Trump signs bill on Tibet into law despite China protest

US President Donald Trump has signed a bipartisan bill on Tibet into law that could enrage China, paving the way to impose a visa ban on Chinese officials who deny American citizens, government officials and journalists access to the sensitive Himalayan region, homeland of the exiled Dalai Lama.

US citizens including government officials, reporters and tourists who seek to enter Tibetan areas are routinely rejected, and the few who do get in are forced to stay on strictly controlled official tours, where the true situation of the Tibetan people is hidden from them, officials said.

The situation is worst of all for Tibetan-Americans, who are almost and always denied the right to make a pilgrimage to their ancestral land and to meet their family members there, community members said.

The Wednesday's move by President Trump came days after China lodged a "stern" diplomatic protest with the US over the Senate passing the legislation with Beijing asking Washington not to make it a law.

China insists Tibet has been part of its territory for centuries. The Dalai Lama fled to India in 1959 amid an abortive uprising against the Chinese rule in his Himalayan homeland.

The White House said that Trump signed into law the 'Reciprocal Access to Tibet Act of 2018' which promotes access for diplomats, officials, journalists and others from the United States to China's Tibetan areas.

The bill, which was earlier passed by the Senate and the House of Representatives, seeks to impose a visa ban on Chinese officials who deny American citizens, government officials and journalists' access to the remote region of Tibet.

The move also comes amidst Trump administration imposing massive trade import duties on China, the world's second largest after that of America.

However, the bill includes a national security waiver and would require the Secretary of State to submit an assessment to Congress of the level of access to Tibet granted to US officials, journalists and tourists by China.

If the Secretary of State determines that there are restrictions on travel to Tibet, the appropriate Chinese officials will be ineligible to enter the US.

The Tibetan community described it as a historic moment for them.

'Reciprocal Access to Tibet Act becomes law, marking new era of American support for Tibet', said International Campaign for Tibet (ICT).

"This is truly a turning point for Americans, Tibetans and all who care about equality, justice and human rights," said Matteo Mecacci, ICT president.

"By passing this impactful and innovative law, the US has blazed a path for other countries to follow and let the Chinese government know that it will face real consequences for its discrimination against the Tibetan people," he said.

Congressman Jim McGovern, who introduced the bill in the House of Representatives, said: "I'm glad that the President signed our bill, the Reciprocal Access to Tibet Act, into law.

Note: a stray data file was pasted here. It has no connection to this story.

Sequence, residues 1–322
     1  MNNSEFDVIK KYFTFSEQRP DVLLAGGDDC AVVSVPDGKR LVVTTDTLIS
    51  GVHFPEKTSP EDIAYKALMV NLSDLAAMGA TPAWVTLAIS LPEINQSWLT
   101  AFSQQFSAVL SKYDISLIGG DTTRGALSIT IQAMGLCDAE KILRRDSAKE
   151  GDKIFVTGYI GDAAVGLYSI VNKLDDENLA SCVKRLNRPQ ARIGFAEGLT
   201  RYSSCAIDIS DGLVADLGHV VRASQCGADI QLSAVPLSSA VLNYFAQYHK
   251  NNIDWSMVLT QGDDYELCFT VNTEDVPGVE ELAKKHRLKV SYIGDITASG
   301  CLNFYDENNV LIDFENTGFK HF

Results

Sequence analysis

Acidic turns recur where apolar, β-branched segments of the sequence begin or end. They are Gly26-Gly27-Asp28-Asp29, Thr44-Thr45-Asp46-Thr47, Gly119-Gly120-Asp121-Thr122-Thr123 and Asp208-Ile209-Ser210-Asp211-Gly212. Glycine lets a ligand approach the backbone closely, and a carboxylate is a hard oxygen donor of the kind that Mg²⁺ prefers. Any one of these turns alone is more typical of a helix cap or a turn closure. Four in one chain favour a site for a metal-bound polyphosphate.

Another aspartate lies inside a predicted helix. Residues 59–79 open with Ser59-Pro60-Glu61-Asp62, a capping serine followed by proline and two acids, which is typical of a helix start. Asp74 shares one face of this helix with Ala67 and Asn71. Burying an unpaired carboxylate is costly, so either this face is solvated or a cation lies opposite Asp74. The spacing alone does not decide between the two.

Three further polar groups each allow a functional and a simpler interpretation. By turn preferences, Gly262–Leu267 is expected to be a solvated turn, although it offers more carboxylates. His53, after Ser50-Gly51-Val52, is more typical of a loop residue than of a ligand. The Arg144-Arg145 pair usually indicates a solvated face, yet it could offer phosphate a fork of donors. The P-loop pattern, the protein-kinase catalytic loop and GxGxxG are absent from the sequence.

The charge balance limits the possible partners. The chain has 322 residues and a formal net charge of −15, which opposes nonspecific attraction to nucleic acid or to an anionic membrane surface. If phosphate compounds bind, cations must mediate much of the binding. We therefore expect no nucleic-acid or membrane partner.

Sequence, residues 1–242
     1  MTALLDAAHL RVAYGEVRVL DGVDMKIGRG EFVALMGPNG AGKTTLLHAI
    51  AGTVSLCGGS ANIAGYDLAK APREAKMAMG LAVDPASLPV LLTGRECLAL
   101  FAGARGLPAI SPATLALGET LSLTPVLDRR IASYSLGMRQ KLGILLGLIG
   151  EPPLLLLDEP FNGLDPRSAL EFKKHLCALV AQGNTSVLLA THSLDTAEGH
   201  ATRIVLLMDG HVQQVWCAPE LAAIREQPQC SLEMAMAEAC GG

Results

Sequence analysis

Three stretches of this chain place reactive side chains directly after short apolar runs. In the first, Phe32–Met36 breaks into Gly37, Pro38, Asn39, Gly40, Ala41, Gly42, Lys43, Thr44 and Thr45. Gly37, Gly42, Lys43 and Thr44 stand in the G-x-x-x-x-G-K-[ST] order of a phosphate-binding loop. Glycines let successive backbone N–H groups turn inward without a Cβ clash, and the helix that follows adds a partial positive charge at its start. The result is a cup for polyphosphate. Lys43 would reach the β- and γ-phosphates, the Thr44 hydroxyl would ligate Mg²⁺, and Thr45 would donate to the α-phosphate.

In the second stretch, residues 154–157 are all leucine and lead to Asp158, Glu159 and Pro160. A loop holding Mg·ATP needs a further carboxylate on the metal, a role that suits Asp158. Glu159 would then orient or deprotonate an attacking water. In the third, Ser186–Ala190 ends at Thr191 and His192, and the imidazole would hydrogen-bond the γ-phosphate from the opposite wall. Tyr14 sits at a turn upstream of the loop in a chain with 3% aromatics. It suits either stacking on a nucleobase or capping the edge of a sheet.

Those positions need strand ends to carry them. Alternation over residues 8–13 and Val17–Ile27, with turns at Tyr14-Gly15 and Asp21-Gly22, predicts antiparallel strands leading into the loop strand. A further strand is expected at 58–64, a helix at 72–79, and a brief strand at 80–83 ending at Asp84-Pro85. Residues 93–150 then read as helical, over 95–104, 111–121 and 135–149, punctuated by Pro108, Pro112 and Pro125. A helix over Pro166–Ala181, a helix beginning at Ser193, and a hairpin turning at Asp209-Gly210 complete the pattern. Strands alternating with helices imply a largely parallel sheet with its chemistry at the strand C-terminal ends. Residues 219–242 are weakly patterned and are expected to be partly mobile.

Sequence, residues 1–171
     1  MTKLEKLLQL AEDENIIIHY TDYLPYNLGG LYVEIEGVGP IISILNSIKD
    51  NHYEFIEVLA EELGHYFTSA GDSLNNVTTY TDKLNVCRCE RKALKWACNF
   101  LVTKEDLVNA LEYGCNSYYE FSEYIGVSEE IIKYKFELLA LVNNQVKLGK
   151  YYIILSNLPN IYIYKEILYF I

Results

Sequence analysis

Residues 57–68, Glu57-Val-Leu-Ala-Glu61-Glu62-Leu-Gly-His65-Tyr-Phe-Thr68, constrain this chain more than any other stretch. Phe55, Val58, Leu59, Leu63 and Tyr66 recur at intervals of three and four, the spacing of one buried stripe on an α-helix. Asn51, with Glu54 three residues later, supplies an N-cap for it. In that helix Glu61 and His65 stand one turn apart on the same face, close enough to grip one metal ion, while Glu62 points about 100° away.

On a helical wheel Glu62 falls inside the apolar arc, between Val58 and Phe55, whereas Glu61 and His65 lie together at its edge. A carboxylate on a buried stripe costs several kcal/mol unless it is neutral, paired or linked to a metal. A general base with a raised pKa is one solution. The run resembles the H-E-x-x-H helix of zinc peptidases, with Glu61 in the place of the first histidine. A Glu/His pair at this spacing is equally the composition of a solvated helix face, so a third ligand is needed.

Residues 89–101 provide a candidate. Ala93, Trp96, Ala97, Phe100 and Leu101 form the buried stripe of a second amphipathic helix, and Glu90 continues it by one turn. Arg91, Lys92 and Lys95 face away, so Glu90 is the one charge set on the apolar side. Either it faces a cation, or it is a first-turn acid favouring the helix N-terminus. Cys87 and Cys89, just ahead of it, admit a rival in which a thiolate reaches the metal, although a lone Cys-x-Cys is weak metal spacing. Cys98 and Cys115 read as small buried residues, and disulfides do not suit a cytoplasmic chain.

"For too long, China has covered up their human rights violations in Tibet by restricting travel. But actions have consequences and today we are one step closer to holding the Chinese officials who implement these restrictions accountable".

McGovern said he looks forward to watching closely as the law is implemented, and continuing to stand with the people of Tibet in their struggle for religious and cultural freedom.

The Reciprocal Access to Tibet Act is based on the diplomatic principle of reciprocity, which calls on countries to give equal rights to one another's citizens.

Sponsors of the bill alleged that when it comes to Tibet, China does not reciprocate. Although Chinese citizens travel freely throughout the US, Chinese authorities severely restrict Americans' ability to access Tibet.

"The Reciprocal Access to Tibet Act specifically highlights the discriminatory attitude of Chinese officials toward Tibetan-Americans who seek to visit Tibet.

"The Chinese embassy and consulates routinely place such Tibetan-Americans under a more stringent and non-consular application process merely because they are of Tibetan-origin. This includes subjecting them to vigorous interviews by United Front officials, collecting personal and family information and eventually denying them access," ICT vice president Bhuchung K Tsering said.

The ICT said until now, China has been able to use its economic and military power to isolate Tibet without much resistance from the international community. With reciprocal access to Tibet becoming law, China will begin to feel the weight of its unfair policies.

The law requires the Secretary of State to assess Americans' level of access to Tibet within 90 days of its enactment and to send a report to Congress every year afterward identifying the Chinese officials responsible for keeping Americans out of Tibet.

The Secretary will then ban those officials from receiving visas to enter the US.


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